Former social media darling / current NSW Premier Mike Baird is having a hell of a 24 hours.

Yesterday, he finally responded to a rising swell of criticism against Sydney's aggressive lock-out laws; it did not go well. In fact, the backlash to his Facebook post – in which he claimed Sydney is "more vibrant than ever" and dismissed community anger as "rising hysteria" – could be termed a category 5 shitstorm.

And a running theme among the 10,000+ comments on his post? Why does he make no mention of The Star Casino in Pyrmont, which was notably avoided by the lockout law parameters?

(To screenshot one of literally thousands more like it.)

Baird / his media team had a standard cut-and-paste answer that downplayed the increase in violence around Pyrmont and generally left much to be desires: "More recent data shows that any recent increases in assaults in areas like Newtown or near The Star appear to be small relative to the significant decreases in assaults elsewhere."

You can see that sentence buried in a wall of text here:

It wasn't long before #CasinoMike was a thing, and that thing was trending:

In addition to the still-continuing backlash, Baird is now getting accused of deleting comments by the thousand.

Facebook user Anthony Skinner (one of the people driving #CasinoMike forward, btw) yesterday claimed that comments had dropped from 11,500 to 5,000, before going back up to 8,000. (At the time of writing, they're at 10,868.)

His evidence was a screenshot of the embedded post from PEDESTRIAN.TV's article yesterday to Facebook, which showed the comment count at about 11,585.

"So earlier Mike Baird's comment count was down to 5,000-ish," he wrote. "Now back at 8000+. The official count is actually up at 11,585. 3,000+ comments deleted. What are you ashamed of Mike Baird?"

And in another comment thread, Skinner has collected screenshots of people who say their comments were deleted.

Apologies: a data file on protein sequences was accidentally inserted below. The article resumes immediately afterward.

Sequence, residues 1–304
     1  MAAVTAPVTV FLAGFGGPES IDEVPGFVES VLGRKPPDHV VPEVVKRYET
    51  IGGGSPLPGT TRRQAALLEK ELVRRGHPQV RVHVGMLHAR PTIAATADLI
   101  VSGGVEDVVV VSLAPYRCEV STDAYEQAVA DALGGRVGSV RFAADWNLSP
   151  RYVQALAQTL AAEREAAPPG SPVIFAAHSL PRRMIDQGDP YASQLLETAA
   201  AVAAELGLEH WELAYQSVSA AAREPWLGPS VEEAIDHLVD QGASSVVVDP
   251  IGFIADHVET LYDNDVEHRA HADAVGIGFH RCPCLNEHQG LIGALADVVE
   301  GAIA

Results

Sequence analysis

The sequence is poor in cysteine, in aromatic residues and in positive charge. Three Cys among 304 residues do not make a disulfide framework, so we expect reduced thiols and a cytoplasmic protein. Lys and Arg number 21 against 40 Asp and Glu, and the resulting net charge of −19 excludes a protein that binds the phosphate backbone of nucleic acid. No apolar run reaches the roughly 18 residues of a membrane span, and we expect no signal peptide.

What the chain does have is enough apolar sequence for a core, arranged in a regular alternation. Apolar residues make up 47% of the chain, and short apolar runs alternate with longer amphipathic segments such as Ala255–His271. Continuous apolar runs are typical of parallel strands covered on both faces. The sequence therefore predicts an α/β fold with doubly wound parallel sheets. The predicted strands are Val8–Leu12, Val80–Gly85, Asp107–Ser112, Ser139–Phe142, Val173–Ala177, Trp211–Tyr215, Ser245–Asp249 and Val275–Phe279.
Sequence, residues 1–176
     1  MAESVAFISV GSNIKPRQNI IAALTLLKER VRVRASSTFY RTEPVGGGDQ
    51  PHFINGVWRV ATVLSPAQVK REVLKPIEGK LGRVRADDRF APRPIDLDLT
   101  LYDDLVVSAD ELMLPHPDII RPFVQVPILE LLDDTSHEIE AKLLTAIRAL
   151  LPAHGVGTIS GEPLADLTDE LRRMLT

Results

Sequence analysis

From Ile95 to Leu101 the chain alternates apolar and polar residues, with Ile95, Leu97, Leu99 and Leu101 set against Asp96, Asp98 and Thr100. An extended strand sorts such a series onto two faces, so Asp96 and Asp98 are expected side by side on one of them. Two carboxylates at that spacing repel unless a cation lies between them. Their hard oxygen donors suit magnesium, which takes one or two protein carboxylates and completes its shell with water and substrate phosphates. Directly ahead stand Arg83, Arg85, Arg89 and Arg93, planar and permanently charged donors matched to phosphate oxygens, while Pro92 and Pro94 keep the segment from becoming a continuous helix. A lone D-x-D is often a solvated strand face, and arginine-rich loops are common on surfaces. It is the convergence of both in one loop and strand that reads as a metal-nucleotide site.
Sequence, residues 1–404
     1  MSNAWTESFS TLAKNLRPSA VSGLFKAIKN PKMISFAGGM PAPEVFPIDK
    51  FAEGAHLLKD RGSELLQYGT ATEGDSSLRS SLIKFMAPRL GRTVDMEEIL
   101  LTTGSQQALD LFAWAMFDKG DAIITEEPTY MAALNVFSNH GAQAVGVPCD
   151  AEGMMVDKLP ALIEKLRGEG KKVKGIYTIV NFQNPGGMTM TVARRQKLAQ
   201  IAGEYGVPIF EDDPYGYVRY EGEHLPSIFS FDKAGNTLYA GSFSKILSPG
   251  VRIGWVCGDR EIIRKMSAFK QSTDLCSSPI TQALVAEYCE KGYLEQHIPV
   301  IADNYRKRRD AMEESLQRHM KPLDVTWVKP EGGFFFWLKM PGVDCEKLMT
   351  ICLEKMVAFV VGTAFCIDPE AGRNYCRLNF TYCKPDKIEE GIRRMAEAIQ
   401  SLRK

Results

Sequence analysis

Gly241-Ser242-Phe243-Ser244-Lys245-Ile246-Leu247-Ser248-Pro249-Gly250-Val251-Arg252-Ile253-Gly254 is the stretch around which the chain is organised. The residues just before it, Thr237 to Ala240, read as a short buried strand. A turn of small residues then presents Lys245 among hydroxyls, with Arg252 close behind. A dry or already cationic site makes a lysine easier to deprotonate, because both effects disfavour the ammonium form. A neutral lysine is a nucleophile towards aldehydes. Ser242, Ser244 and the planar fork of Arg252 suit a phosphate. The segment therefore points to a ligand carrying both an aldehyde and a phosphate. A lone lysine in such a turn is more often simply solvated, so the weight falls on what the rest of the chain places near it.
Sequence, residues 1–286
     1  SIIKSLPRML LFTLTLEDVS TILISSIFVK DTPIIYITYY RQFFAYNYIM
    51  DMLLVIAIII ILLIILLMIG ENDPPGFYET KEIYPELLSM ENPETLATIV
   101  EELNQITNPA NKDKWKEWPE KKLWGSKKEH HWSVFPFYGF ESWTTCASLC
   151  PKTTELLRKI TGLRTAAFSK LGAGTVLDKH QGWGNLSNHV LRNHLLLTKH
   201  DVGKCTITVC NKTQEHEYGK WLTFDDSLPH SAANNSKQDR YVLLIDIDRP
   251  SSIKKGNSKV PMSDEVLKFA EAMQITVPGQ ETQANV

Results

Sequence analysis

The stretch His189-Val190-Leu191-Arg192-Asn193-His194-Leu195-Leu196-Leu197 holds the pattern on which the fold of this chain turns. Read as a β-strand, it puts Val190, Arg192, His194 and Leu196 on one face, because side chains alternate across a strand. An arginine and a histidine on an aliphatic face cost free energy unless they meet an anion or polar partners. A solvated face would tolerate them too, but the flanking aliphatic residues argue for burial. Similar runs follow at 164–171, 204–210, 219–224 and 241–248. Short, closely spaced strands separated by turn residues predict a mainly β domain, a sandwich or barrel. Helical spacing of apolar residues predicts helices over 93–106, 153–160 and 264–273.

There's also a fair bit coming out of Twitter:

Below are side-by-side screenshots of his post. One is taken from his Facebook page, and the other is taken from the embedded post. Both pages were refreshed moments before screenshotting:

When we spoke to Mike Baird's office earlier, they flat-out denied that comments had been deleted.

"We reject that statement," a spokesperson told P.TV, while another staff member suggested it could be Facebook's  algorithm, which sometimes hides comments that contain swear words.

(As a Facebook page that attracts a fair share of comments, we can confirm that yes, Facebook does sometimes hide comments for profanities or excessive caps, but that it is a rarity and the page manager has the option to unhide it. It is also our experience that an automatically hidden comment is still visible to the original poster.)

Twitter user Natasha Stuart informed P.TV that her comment was also deleted, so we asked if a) it contained profanities and b) if she had screenshots.

The Premier's office didn't comment on Baird's replies sidestepping direct questions about bias towards the casino, directing us to the Bureau of Crime instead.

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Photo: Daniel Munoz / Getty.